Spoliation of Evidence in Cybercrimes
The plaintiff sought sanctions arising out of the defendants’ intentional spoliation of evidence and other litigation misconduct in this intellectual property litigation. There were eight preservation issues including: use of wiping software; failure to implement litigation hold; failure to preserve an external hard drive; failure to preserve files and e-mails notwithstanding plaintiff’s demands and several court orders.
The Judge found through four years of discovery, the defendant had actual knowledge of his duty to preserve, “yet delayed and misrepresented the completeness of the ESI [Electronically Stored Information] production and deleted, destroyed and otherwise failed to preserve evidence.” The Judge then found the destruction “collectively constitute[d] the single most egregious example of spoliation [that he has] encountered in any case & in nearly fourteen years on the bench.”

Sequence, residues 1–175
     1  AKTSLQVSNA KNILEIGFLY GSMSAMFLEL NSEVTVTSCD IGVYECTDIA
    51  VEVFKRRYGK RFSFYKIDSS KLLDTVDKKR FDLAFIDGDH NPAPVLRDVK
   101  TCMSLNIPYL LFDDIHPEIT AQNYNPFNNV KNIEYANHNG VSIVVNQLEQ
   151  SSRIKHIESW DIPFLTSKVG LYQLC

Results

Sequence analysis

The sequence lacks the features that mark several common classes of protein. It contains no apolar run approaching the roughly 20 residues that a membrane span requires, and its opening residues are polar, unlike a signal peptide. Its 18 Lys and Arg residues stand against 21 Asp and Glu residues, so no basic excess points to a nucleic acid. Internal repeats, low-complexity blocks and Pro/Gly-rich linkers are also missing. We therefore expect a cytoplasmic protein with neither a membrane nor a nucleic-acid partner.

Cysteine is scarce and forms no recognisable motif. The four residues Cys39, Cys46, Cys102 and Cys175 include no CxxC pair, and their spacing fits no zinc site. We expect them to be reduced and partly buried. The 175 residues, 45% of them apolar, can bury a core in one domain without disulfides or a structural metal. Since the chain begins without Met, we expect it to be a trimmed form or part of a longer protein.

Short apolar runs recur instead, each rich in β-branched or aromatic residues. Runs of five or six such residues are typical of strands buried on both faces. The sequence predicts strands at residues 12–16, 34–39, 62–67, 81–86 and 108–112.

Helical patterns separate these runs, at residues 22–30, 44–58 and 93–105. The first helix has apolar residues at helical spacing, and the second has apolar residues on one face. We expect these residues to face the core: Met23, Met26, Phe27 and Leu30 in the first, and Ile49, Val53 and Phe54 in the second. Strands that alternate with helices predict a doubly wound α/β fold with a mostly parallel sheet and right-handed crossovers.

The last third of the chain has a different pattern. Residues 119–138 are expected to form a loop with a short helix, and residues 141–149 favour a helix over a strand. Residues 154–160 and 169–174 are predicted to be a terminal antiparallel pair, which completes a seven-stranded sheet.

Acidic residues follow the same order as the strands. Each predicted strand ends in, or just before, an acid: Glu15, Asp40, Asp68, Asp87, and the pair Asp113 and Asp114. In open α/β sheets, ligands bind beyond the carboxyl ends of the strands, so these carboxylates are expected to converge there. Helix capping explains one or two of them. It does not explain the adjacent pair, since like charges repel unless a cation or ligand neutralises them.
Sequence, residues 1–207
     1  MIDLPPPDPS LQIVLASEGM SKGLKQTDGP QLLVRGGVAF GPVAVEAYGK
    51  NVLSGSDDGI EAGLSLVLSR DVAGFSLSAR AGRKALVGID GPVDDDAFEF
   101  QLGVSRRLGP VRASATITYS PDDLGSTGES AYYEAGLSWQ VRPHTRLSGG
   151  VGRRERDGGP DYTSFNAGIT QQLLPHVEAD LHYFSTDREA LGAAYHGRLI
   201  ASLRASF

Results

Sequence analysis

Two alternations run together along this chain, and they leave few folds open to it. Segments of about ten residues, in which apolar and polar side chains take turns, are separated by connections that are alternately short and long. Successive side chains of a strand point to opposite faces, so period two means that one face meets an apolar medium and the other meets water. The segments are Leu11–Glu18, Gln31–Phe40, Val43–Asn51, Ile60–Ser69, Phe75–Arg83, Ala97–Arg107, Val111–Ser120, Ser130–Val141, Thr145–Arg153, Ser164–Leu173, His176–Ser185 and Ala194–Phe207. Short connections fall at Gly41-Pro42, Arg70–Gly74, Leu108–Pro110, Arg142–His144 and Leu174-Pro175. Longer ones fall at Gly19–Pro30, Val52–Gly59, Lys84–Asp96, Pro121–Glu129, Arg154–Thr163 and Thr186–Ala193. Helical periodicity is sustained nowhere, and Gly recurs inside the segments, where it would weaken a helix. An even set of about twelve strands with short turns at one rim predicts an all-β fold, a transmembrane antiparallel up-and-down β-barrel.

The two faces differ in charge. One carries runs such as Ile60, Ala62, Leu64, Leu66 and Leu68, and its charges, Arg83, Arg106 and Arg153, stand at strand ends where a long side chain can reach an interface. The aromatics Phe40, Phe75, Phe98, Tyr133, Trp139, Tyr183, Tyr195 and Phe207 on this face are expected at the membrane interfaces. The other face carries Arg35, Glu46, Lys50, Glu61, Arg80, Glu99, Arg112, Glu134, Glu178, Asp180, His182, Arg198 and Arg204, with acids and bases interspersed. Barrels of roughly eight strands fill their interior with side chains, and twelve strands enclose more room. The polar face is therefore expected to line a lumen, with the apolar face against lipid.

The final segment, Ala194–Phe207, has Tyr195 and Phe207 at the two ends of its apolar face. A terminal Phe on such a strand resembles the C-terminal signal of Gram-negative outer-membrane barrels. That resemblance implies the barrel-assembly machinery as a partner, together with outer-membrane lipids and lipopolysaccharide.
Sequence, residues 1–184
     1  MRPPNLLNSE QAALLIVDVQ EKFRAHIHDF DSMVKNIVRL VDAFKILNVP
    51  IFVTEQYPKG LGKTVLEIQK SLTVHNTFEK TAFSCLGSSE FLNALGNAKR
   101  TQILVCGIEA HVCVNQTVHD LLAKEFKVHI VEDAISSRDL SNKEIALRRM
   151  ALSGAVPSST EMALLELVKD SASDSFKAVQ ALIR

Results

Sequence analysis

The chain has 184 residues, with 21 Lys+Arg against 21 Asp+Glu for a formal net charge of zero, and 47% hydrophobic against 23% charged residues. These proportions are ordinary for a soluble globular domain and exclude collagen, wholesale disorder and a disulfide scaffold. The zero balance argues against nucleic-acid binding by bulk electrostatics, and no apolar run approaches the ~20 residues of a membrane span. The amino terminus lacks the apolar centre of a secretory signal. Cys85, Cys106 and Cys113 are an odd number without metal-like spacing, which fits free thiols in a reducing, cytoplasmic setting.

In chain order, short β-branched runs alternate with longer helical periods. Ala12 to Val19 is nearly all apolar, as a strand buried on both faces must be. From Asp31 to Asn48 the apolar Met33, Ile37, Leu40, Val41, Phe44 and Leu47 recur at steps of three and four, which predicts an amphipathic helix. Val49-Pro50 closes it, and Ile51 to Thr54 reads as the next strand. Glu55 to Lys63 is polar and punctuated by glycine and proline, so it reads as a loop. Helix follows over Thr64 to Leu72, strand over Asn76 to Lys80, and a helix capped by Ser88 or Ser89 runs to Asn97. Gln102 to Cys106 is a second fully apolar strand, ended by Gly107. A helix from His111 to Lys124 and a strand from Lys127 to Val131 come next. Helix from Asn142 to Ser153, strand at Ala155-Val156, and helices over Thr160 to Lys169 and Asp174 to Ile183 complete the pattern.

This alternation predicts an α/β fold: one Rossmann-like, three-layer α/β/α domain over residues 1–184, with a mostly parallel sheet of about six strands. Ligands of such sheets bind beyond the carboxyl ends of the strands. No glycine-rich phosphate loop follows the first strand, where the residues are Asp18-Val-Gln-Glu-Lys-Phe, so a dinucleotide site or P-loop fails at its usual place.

The sanctions: Defendant to be imprisoned for up to two years, or until he paid the attorneys’ fees and costs estimated to be a “significant amount.”
Victor Stanley, Inc. v. Creative Pipe, Inc., 2010 WL 3703696 (D. Md. Sept. 9, 2010)